Tel: 01404 892100

Processes..

Vine training example

There are many different systems which can be used to train vines. Your choice of system will be dependent on many different factors and should only be made after careful research and consultation with viticulturists.

The image above is an example one system, the Double Guyot system, and shows some of our trellising sundries in use. With the Double Guyot system each vine has two canes (cordons) trained in opposite directions along the bottom two wires. The shoots which grow on the canes become the fruiting canes and produce the grapes for the following season. Fruiting canes are trained to grow between two sets of "moveable wires" (each set consisting of a pair of wires, held together with g-clips), which are secured to the end posts by chains and nails. The moveable wires hold the fruiting canes in place, permit height adjustment on the trellising system as the fruiting canes grow, and can be lowered to the ground to assist winter pruning.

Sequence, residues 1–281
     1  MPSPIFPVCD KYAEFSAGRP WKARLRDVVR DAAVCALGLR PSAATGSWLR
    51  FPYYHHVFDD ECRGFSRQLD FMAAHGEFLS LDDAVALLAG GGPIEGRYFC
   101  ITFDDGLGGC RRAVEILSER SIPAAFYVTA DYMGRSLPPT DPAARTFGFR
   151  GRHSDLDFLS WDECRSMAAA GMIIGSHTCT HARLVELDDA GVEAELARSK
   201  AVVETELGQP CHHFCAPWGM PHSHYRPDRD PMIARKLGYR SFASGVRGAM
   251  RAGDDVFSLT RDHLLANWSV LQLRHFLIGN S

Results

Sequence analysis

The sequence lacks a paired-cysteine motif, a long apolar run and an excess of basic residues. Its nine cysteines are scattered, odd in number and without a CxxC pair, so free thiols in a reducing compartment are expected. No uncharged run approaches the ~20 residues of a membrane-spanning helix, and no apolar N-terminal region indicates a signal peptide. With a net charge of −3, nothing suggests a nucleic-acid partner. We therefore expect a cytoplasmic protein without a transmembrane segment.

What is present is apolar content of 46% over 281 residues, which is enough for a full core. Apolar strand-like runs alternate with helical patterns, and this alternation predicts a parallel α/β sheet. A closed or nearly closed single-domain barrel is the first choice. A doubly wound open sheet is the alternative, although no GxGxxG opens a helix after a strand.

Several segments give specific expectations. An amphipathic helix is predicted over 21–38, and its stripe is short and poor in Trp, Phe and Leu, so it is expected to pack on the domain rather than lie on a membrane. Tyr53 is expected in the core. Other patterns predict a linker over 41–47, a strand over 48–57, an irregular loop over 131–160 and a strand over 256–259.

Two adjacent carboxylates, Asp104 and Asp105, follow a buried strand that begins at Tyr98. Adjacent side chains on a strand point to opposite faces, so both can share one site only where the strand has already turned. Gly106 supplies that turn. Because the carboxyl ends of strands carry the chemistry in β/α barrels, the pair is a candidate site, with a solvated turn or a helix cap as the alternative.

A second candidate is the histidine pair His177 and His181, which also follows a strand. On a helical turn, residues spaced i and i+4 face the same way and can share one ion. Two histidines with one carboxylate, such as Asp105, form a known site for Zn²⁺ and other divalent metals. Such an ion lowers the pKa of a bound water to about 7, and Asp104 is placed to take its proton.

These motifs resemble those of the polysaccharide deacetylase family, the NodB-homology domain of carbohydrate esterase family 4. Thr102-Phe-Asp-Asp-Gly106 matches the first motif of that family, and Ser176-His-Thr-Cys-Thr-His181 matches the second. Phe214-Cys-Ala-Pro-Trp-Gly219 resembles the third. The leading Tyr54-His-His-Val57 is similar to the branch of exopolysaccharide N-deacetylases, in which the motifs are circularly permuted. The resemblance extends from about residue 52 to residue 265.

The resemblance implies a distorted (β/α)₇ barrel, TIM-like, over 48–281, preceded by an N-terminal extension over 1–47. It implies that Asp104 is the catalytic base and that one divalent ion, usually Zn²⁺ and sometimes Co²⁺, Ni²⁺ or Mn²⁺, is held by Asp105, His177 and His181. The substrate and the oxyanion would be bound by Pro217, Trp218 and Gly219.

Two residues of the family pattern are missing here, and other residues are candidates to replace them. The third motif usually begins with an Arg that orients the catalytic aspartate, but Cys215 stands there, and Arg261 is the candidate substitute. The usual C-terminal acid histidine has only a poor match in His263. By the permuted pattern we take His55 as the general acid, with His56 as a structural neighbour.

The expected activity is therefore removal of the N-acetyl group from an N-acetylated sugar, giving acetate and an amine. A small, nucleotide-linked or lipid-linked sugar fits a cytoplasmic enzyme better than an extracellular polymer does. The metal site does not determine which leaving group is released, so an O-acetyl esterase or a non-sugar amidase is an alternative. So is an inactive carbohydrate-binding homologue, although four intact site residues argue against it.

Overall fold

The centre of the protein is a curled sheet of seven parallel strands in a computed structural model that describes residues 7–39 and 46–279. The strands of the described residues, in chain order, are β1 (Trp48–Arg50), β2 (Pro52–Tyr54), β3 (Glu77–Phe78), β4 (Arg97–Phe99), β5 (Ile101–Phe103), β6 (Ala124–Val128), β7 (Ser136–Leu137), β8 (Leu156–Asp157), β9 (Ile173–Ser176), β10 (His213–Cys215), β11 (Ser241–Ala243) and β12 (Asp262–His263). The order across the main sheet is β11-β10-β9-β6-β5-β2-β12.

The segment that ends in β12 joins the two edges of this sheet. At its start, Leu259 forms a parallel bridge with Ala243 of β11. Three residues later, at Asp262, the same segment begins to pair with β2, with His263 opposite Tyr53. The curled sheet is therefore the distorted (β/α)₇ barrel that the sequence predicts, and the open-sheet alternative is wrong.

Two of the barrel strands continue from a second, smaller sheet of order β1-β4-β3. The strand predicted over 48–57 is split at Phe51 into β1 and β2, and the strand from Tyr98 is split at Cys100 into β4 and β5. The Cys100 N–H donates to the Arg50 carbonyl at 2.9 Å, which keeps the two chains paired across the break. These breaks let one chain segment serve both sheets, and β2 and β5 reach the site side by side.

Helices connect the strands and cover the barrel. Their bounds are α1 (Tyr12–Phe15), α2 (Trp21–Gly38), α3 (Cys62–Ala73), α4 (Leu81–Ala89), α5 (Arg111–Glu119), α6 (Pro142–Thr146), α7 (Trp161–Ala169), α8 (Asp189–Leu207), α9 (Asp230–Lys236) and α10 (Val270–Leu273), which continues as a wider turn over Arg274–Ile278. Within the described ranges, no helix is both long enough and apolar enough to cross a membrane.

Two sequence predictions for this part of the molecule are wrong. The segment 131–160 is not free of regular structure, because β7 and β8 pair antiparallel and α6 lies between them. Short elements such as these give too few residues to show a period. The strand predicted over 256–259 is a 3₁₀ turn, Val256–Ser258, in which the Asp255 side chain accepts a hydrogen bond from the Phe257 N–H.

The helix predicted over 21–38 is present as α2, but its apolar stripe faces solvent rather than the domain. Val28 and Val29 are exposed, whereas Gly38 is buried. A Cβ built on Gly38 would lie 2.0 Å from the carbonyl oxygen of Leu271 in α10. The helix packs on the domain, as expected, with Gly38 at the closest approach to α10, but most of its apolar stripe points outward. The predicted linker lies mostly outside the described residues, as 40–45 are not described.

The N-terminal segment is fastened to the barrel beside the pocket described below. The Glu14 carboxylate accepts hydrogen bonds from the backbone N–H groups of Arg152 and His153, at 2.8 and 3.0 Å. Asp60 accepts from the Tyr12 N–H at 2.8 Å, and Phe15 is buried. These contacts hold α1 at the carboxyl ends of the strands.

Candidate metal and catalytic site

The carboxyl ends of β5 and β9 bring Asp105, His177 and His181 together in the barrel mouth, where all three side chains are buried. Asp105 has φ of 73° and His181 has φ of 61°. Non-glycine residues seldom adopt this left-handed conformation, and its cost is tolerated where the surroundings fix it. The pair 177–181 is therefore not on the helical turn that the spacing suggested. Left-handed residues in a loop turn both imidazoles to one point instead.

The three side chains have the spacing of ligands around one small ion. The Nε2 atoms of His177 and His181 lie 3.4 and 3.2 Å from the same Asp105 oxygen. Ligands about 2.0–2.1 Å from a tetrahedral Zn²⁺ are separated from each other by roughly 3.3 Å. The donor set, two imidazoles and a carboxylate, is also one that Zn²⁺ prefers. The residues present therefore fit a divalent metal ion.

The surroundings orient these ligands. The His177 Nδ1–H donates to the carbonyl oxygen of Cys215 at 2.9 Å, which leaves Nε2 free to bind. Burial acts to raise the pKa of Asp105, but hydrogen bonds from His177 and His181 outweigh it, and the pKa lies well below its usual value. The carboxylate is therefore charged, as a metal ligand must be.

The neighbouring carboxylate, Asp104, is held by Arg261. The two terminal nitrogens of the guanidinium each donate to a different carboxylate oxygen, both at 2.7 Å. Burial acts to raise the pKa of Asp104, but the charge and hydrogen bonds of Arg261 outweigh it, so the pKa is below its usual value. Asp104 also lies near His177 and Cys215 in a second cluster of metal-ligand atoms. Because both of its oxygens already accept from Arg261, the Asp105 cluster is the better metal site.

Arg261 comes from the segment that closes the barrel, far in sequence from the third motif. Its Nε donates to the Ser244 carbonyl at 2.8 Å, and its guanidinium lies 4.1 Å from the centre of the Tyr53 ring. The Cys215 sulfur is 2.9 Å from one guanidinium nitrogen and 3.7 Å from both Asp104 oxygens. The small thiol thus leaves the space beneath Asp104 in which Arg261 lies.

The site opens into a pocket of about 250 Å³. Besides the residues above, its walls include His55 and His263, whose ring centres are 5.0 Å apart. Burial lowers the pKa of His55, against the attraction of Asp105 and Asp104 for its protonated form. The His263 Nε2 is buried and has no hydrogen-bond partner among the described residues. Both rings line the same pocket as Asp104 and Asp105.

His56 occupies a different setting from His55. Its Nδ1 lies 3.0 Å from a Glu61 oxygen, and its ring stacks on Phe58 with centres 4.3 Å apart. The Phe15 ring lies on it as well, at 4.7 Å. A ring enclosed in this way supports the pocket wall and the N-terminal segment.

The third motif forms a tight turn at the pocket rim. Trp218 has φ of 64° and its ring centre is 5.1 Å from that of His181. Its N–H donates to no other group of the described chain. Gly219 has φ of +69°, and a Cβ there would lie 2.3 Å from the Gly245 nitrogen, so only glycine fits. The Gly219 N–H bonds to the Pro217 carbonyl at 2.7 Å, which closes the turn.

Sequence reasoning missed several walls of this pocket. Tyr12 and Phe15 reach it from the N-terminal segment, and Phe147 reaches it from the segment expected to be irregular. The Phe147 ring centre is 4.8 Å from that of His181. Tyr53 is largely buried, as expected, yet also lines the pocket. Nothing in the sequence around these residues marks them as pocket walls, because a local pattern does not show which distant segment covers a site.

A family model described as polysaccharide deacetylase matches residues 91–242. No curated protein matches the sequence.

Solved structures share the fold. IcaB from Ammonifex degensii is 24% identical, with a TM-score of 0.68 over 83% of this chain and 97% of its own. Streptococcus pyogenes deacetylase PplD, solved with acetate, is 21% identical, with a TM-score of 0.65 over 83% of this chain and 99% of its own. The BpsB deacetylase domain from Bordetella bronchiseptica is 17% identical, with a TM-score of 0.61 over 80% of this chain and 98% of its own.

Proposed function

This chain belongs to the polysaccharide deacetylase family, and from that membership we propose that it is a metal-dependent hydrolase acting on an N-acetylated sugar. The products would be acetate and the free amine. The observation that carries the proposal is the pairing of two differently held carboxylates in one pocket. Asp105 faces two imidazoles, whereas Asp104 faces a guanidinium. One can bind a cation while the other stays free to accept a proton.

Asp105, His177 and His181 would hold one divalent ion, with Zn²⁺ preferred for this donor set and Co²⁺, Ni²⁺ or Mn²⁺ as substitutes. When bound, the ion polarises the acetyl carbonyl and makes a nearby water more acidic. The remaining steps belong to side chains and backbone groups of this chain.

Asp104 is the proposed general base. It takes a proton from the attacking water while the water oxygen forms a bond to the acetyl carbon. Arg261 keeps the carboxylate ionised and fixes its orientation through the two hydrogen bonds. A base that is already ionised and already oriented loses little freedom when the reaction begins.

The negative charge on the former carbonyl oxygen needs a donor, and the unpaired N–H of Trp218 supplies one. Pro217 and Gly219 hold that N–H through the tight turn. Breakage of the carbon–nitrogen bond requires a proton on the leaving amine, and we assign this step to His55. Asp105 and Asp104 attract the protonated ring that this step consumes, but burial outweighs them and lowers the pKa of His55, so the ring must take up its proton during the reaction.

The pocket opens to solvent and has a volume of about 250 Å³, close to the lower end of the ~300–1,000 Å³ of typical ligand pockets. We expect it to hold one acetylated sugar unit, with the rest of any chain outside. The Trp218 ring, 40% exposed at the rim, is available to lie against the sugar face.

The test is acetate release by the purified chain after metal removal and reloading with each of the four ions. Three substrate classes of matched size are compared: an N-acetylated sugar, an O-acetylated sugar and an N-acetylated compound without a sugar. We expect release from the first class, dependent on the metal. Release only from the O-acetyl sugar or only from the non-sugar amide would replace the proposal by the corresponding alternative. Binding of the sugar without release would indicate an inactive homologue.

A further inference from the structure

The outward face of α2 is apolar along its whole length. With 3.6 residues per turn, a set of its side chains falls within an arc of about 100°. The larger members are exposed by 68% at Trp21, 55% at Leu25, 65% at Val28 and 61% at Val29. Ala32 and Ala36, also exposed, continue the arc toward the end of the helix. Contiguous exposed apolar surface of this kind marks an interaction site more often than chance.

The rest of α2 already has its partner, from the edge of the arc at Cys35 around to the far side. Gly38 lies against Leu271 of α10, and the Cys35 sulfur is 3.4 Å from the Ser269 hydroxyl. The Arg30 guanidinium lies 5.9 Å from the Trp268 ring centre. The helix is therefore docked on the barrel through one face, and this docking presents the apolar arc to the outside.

The trellising sundries shown in the illustration above are as follows:

  1. Screw anchor - see our full range of anchors here
  2. Spannfix wire strainer - see our full range of tensioners here
  3. Paper coated wire tie - see our full range of ties and clips here
  4. G-clip
  5. Hook nail for wooden intermediate posts
  6. Vine support
  7. Twist wire
  8. Nail for wooden end posts
  9. Chain

Please note, we also supply vine guards which offer some protection from grazing animals, such as rabbits; the Tubex vine guards also create a 'mini greenhouse' effect. Vine guards should be applied as soon as the vines are planted.

More information about vinegrowing can be found on Plumpton College's wineskills page. Plumpton College also offer a range of courses on vinegrowing and winemaking.

If have any questions about our trellising sundries, please call us on 01404 892100.

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